The Vermont Bar in Opinion 89-2 (undated) opined that a lawyer whose client in a personal injury case dies while the lawyer is in settlement negotiations must disclose the fact of the client’s death to the insurer. Failure to do so would constitute misrepresentation of material facts, even if only by omission.
Two older state bar ethics opinions took a less stringent approach. Noting that the client’s death was a matter of public record, the Pennsylvania Bar did not find it a requirement that a lawyer in negotiation disclose a client’s death from issues unrelated to those in the ongoing negotiations. See Pennsylvania Bar Association Opinion 93-51 (1993).
In Opinion 952 (1987) the Virginia State Bar recommended that the lawyer disclose the client’s death at the time the lawyer accepts the offer of settlement, inform the adverse party that the client authorized the range for settlement prior to his death and inform the adverse party that the estate’s administrator has also approved the settlement. That opinion cited former Model Code provision DR 1-102(A)(4), the analog to Rule 8.4(c). The Virginia Committee also added the following Note to the opinion:
Legal Ethics Committee Notes — If the client’s death would arguably affect the settlement, failing to disclose the death might violate Rule 3.3(a)(2) and Rule 4.1(b), which prohibits a lawyer from knowingly failing to disclose a fact if disclosure is necessary “to avoid assisting a criminal or fraudulent act by a client.”
Other examples of Rule 8.4 (c) violations
In ABA Formal Opinion 469 (2014), the ABA Ethics Committee stated that a prosecutor violates Rule 8.4 (c) by giving his official letterhead to a debt collection company for use in a letter purporting to come from the prosecutor’s office that implicitly or explicitly threatened prosecution if the debt was not paid.
Social media presents opportunities for 8.4(c) violations in part because the anonymity of this form of communication and its relative novelty causes users to forget the basic principle of the rule. Pennsylvania Formal Ethics Op. 2014-300 (2014) warns lawyers not to contact a represented person on social media and to maintain competence by keeping informed about the variety of social media forms so as to advise clients competently.
The Massachusetts Bar Association Ethics Op. 2014-5 (2014) permits a lawyer to send a friend request to a potential adverse party so long as he makes his position as lawyer clear in an email sent before the request. Oregon Ethics Op. 2013-189, 29 Law. Man. Prof. Conduct 189 (2013) would allow the friending so long as the lawyer uses his real name.
For further information on social media issues, see the Eye on Ethics columns entitled Facebook: Monitoring juror social media networking sites; “friending” employees of adverse parties (November 2011) and Facebook: State bar opinions address information gathering (November 2012)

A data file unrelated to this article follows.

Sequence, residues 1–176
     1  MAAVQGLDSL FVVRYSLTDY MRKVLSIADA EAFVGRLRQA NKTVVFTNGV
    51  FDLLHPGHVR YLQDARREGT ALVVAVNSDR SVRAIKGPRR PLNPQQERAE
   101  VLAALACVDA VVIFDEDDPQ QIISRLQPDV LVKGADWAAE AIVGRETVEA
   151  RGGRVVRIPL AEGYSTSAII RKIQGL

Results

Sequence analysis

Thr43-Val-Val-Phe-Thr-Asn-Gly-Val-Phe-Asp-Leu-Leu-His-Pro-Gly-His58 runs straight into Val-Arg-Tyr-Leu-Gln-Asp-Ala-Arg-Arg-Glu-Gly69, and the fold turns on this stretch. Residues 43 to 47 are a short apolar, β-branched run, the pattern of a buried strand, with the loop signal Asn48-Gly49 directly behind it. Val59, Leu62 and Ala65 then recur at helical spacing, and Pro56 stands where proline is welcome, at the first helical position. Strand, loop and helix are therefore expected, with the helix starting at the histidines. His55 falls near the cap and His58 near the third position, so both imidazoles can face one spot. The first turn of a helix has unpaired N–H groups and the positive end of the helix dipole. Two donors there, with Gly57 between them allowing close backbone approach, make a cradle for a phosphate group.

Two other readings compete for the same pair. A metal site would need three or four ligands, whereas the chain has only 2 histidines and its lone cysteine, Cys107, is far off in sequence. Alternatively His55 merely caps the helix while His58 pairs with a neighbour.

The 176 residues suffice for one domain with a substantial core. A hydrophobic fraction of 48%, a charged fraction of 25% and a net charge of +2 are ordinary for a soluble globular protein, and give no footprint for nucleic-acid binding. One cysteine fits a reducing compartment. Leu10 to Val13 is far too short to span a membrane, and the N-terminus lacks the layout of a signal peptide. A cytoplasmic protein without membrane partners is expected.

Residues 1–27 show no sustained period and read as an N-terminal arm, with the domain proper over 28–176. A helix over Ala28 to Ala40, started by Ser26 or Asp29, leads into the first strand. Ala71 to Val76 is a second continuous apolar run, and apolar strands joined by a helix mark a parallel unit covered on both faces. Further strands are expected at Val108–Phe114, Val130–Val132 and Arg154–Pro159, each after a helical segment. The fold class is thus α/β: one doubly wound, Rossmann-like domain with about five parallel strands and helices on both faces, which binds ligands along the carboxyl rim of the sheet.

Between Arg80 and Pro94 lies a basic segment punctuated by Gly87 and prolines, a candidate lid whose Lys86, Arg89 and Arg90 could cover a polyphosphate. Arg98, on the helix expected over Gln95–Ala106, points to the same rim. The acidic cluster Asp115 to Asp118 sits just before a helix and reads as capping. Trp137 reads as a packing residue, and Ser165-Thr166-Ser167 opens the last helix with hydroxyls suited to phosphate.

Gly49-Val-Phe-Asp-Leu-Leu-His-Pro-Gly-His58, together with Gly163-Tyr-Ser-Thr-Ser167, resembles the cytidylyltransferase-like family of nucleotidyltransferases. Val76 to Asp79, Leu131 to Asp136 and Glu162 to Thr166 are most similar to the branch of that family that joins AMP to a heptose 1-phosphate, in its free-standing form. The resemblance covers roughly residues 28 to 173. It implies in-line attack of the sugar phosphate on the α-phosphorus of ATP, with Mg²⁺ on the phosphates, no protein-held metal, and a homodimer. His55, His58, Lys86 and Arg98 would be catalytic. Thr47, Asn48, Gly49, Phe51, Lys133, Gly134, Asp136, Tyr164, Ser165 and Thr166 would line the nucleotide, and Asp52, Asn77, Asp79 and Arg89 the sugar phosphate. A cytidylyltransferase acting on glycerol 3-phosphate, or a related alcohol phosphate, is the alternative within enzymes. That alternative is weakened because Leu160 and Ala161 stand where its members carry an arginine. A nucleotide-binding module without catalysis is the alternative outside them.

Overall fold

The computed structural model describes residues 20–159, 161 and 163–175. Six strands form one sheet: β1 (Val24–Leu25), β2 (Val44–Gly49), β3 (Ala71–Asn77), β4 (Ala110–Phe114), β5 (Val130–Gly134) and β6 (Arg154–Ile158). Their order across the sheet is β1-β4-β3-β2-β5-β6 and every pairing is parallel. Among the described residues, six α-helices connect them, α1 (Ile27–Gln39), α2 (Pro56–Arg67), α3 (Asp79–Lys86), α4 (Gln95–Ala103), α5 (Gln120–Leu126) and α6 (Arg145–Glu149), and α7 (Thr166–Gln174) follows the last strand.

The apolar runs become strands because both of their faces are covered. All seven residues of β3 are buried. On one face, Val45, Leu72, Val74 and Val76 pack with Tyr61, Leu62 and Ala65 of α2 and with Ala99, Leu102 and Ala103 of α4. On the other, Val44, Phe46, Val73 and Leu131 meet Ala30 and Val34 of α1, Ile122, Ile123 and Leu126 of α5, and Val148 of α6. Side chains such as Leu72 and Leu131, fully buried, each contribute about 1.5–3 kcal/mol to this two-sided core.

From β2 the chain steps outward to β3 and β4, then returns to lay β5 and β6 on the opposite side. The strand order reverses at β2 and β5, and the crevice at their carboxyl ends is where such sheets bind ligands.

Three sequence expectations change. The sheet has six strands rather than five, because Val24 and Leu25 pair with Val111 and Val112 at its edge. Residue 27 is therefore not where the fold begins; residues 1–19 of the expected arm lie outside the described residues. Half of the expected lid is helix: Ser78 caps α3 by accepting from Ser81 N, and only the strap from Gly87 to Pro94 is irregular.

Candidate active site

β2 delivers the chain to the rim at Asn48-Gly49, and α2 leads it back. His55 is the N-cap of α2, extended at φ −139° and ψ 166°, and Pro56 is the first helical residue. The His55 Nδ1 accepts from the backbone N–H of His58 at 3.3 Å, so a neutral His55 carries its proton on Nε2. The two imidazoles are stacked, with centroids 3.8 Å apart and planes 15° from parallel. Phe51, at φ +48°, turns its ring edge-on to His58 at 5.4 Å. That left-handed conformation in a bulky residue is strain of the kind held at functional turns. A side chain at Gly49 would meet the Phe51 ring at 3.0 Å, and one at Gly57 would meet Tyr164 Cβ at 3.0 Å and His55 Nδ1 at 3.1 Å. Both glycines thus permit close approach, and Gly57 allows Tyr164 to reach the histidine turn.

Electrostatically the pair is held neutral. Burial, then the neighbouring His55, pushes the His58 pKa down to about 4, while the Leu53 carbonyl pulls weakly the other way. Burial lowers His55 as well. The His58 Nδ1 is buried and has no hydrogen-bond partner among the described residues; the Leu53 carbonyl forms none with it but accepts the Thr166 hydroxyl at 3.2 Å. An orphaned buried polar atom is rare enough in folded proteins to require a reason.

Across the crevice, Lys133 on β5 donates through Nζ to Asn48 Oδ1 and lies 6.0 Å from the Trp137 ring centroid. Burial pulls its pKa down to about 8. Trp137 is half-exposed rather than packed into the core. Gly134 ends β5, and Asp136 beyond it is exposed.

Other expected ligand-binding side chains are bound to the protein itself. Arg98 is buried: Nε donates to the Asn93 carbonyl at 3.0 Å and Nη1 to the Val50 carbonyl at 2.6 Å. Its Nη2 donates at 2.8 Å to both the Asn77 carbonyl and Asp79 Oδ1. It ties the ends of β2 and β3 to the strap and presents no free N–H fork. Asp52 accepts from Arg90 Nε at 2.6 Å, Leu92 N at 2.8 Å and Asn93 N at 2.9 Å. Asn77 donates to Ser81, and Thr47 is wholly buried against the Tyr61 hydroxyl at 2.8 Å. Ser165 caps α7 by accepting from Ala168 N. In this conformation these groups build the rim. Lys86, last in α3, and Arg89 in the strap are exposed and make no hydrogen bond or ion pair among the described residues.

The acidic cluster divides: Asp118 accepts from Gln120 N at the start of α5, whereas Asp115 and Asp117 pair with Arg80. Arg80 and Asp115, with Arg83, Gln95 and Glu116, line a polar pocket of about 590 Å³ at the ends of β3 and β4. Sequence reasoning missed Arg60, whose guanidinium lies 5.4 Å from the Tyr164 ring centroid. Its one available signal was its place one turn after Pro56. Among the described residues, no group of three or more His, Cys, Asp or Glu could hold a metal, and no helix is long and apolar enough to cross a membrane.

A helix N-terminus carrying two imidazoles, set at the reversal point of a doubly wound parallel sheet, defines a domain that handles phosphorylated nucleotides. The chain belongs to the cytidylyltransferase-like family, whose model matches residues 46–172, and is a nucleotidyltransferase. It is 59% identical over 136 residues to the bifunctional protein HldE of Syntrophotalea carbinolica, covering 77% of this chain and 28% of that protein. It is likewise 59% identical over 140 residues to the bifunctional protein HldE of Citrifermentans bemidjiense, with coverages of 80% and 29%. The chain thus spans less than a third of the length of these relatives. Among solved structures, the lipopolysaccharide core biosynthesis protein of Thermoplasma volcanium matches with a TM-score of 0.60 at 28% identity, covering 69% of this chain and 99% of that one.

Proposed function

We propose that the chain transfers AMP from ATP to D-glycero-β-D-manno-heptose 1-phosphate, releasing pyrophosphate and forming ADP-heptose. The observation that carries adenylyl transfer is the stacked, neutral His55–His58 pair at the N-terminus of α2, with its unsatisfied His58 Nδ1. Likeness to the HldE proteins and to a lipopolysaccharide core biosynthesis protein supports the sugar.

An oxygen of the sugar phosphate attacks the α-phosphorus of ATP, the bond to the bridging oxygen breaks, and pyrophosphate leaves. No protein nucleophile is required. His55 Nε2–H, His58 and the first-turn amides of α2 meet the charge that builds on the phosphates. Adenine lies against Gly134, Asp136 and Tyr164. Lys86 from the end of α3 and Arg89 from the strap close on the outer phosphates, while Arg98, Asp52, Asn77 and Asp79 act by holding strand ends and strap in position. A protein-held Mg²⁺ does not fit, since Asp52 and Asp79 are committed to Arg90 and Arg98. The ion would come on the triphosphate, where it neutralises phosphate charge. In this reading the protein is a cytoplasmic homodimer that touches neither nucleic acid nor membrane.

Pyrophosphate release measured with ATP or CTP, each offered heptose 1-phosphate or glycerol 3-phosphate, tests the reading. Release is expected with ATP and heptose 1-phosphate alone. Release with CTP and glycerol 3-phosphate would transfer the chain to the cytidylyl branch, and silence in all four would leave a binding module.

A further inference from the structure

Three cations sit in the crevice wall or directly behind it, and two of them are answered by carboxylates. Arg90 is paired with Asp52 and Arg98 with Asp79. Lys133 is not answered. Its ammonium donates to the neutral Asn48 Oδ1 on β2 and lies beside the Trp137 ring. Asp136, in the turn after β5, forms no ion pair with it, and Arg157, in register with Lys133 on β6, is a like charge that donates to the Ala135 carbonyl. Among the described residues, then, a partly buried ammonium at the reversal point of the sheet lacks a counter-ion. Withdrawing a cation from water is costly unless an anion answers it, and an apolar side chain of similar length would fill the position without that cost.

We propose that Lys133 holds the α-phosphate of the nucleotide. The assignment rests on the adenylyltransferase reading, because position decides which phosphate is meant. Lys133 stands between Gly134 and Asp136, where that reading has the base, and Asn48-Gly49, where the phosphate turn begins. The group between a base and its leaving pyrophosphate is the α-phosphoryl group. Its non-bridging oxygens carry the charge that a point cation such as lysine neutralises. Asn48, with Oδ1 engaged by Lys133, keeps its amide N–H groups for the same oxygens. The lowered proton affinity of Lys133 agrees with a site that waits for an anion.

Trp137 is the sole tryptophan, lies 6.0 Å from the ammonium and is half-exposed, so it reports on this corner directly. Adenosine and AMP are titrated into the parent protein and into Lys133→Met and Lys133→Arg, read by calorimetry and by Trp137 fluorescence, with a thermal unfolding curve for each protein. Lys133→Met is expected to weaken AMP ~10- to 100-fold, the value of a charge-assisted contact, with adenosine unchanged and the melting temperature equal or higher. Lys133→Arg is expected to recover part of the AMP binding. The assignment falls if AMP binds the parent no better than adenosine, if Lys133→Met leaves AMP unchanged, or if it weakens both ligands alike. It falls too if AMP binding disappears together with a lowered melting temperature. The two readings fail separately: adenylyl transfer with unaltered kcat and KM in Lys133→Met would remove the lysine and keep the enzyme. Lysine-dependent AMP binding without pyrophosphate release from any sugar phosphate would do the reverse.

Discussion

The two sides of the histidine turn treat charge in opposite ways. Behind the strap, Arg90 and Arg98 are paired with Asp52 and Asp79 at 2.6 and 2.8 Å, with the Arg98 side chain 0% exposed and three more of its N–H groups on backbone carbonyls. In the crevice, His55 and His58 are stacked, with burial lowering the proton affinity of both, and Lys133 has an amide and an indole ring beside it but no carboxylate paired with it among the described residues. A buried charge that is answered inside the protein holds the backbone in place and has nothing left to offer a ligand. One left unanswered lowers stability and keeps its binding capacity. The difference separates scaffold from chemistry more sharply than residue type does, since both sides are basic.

Real estate transactions
The New York State Bar ethics committee found a practice used in a real estate transfer to increase the sale price to cover an equivalent concession made by the seller at closing toward the buyer’s closing costs to be misrepresentation, and improper under the ethics rules unless full disclosure is made in the transaction documents. See, New York State Bar Association Opinion 892 (2011).
An Oklahoma lawyer was suspended for two years and one day for hiding the fact that there were $300,000 worth of tax liens against the property that had been purchased in foreclosure with the title to the property and then misleading the buyers about his progress in clearing the title. (State ex rel. Oklahoma Bar Assn v. Pacenza, Okla., No. SCBD-4983, 4/18/06).
Agreeing to comply with a directive to tear up notes after mediation while fully planning to defy that agreement and keep the notes violated Rule 8.4 (c). Maryland Bar Association Opinion 99-6 (1999).
In the same general vein of operating from knowledge that one’s appearance of compliance was only the appearance, the in Opinion 2015-02 (2015), the Connecticut Bar Association found misrepresentation where a lawyer signed a contract with a home improvement company knowing that under the terms of the Connecticut Home Improvement Act it was unenforceable against the purchaser because of the contract’s failure to conform to the law. If the lawyer had no intention of asserting the unenforceability in the event of a future contract dispute then there would be no misrepresentation. This committee also referenced Rule 8.4 (c).
In Opinion 2004-8 (2004) the Ethics Committee of the Philadelphia Bar Association found that an associate’s work representing private clients after hours posed a problem if her law firm was not informed and/or did not approve as this would compromise the associate’s ability to perform the necessary conflicts checks and to obtain required consent to the representation from the affected clients. The Philadelphia committee cited Rules 1.7, 1.10 and 8.4 (c).
As is clear from the above sampling, the types of conduct that are potentially covered under Rule 8.4(c) are quite varied. For further examples, See the annotations to Rule 8.4 in the seventh edition of the Annotated Model Rules of Professional Conduct (2011), and the chapter entitled Misconduct and Discipline: Dishonesty, Fraud, Deceit, Misrepresentation (last updated in 2010) as it appears at page 101:401 of the ABA/BNA Lawyers’ Manual on Professional Conduct.